Only in the Arizona Bar’s smug universe does the descriptive moniker “somewhat” becomes synonymous with high achievement. And it’s in that same self-contented world where high satisfaction and slight satisfaction are lumped together to claim ‘victory,’ i.e., “that three-quarters (77 percent) of members” are aglow with their membership and that “Arizona lawyers view the Bar as a healthy organization that is doing a good job in serving them.”
But if the bar’s ordinal satisfaction scale that allows for comparisons of degree is to be ignored when measuring satisfaction, then the same purposeful disregard ought to be used when measuring dissatisfaction. The descriptive adverb “Somewhat” might as well be given the same meaningless gloss when placed in front of “Dissatisfied.”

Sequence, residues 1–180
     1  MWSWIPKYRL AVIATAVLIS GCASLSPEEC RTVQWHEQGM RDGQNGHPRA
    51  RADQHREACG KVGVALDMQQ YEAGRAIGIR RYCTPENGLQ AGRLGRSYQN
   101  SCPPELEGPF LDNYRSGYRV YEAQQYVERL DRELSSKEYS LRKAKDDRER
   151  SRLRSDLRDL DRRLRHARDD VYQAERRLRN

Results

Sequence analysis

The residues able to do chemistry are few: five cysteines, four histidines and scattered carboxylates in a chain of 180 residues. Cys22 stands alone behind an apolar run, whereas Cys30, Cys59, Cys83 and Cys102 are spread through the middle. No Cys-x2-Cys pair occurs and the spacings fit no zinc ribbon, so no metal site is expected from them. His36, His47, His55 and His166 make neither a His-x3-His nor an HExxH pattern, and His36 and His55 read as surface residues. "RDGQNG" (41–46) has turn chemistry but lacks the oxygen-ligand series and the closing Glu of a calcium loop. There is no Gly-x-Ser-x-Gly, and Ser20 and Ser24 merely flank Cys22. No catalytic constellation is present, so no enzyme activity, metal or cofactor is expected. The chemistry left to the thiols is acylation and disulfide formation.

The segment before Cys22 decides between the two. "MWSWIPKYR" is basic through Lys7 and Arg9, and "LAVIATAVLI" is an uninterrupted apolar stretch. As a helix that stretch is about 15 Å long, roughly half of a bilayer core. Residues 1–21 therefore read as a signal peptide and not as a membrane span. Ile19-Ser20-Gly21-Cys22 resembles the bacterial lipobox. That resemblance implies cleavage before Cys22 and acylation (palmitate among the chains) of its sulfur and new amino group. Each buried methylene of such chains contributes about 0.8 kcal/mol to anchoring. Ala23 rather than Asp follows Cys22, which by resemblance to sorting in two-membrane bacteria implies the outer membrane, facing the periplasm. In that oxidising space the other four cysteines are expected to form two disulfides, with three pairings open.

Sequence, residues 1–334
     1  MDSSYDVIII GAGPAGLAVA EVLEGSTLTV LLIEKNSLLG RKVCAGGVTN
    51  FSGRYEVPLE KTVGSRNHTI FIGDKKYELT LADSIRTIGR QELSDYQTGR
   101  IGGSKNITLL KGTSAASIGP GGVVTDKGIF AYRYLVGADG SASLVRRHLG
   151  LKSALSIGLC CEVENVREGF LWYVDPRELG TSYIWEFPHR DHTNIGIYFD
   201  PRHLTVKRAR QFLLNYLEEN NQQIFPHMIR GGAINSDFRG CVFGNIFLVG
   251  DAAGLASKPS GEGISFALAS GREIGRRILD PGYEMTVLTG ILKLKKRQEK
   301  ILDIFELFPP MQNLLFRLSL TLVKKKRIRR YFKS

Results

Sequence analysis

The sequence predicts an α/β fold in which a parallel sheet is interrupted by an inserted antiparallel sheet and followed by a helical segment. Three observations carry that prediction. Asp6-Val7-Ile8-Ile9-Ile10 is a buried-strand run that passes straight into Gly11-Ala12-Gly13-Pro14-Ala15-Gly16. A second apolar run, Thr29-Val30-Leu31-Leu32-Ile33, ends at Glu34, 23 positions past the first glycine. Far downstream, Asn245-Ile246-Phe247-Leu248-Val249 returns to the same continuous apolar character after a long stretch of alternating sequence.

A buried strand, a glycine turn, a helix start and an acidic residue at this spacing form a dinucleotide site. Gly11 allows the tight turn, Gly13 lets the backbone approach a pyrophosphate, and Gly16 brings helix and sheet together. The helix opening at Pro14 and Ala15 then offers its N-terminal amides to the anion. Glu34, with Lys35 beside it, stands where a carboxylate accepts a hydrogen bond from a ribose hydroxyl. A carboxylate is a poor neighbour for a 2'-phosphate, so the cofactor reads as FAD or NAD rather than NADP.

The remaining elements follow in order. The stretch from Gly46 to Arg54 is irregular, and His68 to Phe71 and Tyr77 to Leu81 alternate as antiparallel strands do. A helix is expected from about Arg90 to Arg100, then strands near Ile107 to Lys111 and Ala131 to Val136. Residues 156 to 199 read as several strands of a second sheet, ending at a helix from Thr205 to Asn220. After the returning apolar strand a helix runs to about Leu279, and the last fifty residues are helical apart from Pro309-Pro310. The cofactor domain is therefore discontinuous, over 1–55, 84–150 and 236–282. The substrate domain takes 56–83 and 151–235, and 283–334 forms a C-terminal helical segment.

Indeed, according to Levels of Measurement, in discussing consumers’ satisfaction with something just as meaningful – – – microwave ovens, “the difference between the responses “very dissatisfied” and “somewhat dissatisfied,” is probably not equivalent to the difference between “very dissatisfied” and “somewhat satisfied.” Nothing in our measurement procedure allows us to determine whether the two differences reflect the same difference in psychological satisfaction. Statisticians express this point by saying that the differences between adjacent scale values do not necessarily represent equal intervals on the underlying scale giving rise to the measurements.”